It was millions of dollars and hundreds of line items to compare. What I learned is that it gave me exposure to project management. As the Accounts Payable clerk, I had to get approval from this very mysterious project manager whom I never met and never talked to, but I needed his approval. It was almost intriguing for me to ask, “Who is this person? What do they do and why are they so important and hard to reach?” “How do they have the authority to be spending millions of dollars on these things?” 

What I realized is that, very typically, the project managers have an assistant, and I could get ahold of the assistant. They have the authority to speak on behalf of the project manager for certain things. That intrigued me and I thought maybe I don’t have the experience or credentials to be a project manager but I could be an assistant. 

My mind got stuck on that and my temporary placement ended with that particular company and the next one I was placed in was in contrast, a very small electrical construction company, very small as in operated out of a converted house, three bedroom house. The reception area was the living room. It was a very homey place but I was placed there for two weeks to be the temporary receptionist while she went on medical leave. 

In a very short period, I fell in love. It wasn’t necessarily with the work. I didn’t care that I was answering phones or entering data in a spreadsheet. I didn’t understand. It was the people. When I worked in a large company with accounts payable, I didn’t have any real interaction with other people in the company. I was in a cubicle, I kept to myself, I made one or two phone calls to get the approvals and that was about the extent of it.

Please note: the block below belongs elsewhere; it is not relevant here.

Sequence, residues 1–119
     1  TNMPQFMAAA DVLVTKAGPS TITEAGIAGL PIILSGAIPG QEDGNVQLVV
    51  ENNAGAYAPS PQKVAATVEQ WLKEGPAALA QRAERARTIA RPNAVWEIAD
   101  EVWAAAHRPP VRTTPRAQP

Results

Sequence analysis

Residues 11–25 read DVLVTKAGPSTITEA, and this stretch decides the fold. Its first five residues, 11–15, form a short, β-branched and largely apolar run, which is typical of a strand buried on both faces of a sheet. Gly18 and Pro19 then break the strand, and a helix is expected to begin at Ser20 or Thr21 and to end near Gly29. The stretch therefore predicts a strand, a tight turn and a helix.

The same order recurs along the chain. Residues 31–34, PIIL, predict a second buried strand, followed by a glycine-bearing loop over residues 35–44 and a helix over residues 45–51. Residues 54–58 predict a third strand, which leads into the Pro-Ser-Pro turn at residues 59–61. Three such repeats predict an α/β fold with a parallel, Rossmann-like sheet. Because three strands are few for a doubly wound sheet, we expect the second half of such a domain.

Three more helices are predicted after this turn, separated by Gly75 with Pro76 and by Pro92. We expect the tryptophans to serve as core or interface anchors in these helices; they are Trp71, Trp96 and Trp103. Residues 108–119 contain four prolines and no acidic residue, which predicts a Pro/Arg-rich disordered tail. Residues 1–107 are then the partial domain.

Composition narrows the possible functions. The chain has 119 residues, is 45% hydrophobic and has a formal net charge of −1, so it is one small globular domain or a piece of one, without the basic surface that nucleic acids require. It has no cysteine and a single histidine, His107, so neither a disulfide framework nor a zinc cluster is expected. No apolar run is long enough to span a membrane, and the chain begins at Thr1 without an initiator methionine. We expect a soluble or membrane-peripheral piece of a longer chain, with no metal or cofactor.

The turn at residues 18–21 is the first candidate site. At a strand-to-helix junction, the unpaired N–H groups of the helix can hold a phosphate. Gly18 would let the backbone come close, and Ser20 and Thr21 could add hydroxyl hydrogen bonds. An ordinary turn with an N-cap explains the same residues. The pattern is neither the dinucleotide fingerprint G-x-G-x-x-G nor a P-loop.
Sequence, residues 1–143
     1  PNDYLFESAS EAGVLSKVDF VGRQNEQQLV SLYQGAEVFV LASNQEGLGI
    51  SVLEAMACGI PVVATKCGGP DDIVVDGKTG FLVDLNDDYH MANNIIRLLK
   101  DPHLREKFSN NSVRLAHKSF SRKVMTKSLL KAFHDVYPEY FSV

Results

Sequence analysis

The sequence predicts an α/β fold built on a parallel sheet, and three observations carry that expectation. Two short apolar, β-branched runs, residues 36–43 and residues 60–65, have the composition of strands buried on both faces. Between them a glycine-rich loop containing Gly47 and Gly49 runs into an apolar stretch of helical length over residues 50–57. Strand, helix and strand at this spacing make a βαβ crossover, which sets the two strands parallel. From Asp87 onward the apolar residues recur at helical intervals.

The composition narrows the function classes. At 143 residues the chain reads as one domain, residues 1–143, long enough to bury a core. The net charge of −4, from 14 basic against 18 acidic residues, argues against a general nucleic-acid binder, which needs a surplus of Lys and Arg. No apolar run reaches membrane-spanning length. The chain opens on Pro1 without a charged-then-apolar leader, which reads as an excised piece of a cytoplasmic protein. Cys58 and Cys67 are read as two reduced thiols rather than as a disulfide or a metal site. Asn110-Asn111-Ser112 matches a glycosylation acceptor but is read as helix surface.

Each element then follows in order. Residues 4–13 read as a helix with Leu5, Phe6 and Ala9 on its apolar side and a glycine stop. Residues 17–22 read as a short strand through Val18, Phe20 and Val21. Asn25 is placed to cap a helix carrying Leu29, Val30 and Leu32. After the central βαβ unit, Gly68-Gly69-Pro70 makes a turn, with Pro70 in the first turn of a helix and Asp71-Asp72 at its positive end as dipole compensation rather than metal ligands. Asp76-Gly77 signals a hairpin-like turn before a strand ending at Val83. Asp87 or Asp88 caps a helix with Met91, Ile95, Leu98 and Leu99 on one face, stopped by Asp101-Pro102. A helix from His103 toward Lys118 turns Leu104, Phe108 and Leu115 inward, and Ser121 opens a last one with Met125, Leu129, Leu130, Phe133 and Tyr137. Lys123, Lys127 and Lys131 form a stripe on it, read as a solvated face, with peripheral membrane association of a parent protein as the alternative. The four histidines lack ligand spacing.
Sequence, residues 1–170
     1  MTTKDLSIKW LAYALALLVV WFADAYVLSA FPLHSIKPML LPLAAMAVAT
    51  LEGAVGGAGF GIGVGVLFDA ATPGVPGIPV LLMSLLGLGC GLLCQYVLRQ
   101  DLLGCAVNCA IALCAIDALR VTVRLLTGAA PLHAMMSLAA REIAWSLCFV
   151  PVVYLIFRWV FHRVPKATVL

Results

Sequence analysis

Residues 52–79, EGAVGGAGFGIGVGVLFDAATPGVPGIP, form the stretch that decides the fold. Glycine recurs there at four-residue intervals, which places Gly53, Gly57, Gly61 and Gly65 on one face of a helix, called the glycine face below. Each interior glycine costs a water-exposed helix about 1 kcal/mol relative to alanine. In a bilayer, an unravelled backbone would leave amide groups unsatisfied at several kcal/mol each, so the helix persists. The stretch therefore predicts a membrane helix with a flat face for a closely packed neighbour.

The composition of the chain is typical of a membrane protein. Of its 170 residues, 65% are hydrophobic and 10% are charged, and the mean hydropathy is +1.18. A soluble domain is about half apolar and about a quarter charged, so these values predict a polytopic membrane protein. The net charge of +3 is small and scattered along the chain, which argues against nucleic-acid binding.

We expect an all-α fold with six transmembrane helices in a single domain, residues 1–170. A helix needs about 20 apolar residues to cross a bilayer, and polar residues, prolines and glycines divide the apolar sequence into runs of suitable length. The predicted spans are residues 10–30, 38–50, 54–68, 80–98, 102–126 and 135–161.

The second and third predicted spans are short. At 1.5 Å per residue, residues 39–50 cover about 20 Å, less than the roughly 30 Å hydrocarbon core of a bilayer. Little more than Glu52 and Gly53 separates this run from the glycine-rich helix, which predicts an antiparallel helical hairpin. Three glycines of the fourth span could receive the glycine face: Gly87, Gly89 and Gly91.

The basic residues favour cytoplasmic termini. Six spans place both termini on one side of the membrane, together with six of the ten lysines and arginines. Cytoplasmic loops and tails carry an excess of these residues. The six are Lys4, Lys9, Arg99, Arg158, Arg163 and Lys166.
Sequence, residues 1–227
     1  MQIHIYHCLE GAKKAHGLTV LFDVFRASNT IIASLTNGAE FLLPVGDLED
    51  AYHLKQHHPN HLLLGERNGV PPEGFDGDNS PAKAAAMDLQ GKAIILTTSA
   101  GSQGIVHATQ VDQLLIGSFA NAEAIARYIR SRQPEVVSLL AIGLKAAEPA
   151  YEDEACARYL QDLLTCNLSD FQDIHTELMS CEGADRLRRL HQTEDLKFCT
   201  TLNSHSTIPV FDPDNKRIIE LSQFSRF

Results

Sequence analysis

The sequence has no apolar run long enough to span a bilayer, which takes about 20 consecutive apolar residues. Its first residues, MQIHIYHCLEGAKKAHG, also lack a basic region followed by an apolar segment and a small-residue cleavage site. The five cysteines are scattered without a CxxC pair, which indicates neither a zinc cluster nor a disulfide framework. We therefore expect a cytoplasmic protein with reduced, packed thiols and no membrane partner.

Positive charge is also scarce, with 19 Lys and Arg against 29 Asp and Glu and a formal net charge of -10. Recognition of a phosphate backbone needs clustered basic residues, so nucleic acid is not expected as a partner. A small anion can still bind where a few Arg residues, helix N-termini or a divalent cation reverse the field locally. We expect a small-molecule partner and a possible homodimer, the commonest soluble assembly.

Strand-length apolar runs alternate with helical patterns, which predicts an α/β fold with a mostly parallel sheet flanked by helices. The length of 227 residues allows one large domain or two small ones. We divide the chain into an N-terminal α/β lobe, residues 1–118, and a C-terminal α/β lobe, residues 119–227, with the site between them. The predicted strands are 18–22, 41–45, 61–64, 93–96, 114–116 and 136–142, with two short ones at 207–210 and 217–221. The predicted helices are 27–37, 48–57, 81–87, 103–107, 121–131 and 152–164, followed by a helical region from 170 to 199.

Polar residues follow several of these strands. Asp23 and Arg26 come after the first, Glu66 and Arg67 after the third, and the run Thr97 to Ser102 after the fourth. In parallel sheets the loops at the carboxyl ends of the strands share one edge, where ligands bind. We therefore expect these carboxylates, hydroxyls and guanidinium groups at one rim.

In this smaller construction company, everybody was involved in everything. Even though I was just the temporary receptionist, I had so much exposure to the project managers, even the owner of the company, and other folks in the business who intrigued me and helped me fall in love with construction. That was my first exposure to construction and administration. 

Now, from there, I decided this was the industry for me. I stayed in it. I had some great mentors along the way and throughout that experience, I was able to grow my career. I did get to be a project manager assistant for a little while. I worked hand in hand with a great project manager who took a lot of pride in his work and a lot of pride in sharing his knowledge. I took that opportunity to just suck up all the information into a sponge and that launched my career ultimately into project management and leadership.